Does your IoT device need an antenna upgrade?
I've long been curious about the effectiveness of the built-in antennas that are attached to common WiFi modules. Can that tiny, serpentine PCB track really match the performance of a "real" antenna? How does it even work?
I set up a quick test to find out. Using a pair of ESP8266 development modules, I set up a test measuring gateway ping times, and sending the resulting values to AWS IoT Core. Messages are routed to Firehouse, stored in S3, and aggregated with Athena. (AWS has put together an impressively elegant IoT pipeline, but that's a future post!)
The first device is using the onboard antenna supplied with the board, and the second device has a 6dBi omni-directional antenna attached to the U.FL port. Both used the default TX power of 20.5 dBm. Both were oriented towards the AP to achieve the best observed RSSI.
Before we get to the results it's worth noting our office is a very challenging RF environment. We are in a dense urban area; in a typical week we'll see over 2,500 neighboring networks competing for 2.4 GHz spectrum:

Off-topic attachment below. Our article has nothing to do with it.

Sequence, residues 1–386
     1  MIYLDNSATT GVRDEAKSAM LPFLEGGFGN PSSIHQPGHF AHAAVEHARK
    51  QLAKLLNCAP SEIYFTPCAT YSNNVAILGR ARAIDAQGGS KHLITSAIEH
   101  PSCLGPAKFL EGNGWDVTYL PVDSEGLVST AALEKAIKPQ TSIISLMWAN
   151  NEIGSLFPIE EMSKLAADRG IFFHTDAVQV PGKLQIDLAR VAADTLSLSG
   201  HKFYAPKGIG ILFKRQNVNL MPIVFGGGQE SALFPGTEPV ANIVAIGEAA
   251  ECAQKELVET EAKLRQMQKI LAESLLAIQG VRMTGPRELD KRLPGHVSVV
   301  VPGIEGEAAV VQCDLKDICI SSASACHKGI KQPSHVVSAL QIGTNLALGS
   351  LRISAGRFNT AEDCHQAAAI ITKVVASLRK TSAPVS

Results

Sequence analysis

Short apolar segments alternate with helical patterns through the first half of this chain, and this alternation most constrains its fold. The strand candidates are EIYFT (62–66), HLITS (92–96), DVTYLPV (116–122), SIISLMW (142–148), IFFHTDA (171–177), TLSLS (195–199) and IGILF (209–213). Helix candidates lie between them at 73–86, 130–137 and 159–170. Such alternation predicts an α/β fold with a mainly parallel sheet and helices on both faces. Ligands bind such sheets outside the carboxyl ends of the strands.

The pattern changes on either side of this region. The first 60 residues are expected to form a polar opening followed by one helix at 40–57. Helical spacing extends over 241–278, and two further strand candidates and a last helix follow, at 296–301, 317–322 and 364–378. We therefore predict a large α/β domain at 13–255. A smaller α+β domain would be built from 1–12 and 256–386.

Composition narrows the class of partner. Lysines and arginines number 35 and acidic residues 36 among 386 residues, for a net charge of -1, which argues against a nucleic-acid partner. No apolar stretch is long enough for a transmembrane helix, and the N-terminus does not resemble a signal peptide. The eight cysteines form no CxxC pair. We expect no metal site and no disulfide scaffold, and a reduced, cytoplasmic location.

The results were a bit surprising – the two antennas showed only a very slight difference. The 6 dBi showed about 20% less packet loss, and fewer outliers on the ping chart. The median ping time and IQR were identical. Even in this difficult environment the onboard antenna gave excellent performance.
The onboard antenna has a few other advantages: its compact size, and modular FCC certification. If you choose a pre-certified module for your device, it will almost certainly come with a PCB trace antenna of some kind, and the module will save a significant amount of time and expense during FCC certification.
How do these things work, anyway?
The big mystery – what's really going on with that PCB trace? Above is the layout for the inverted-F antenna (IFA). antenna-theory.com has a great analysis of why these radiate: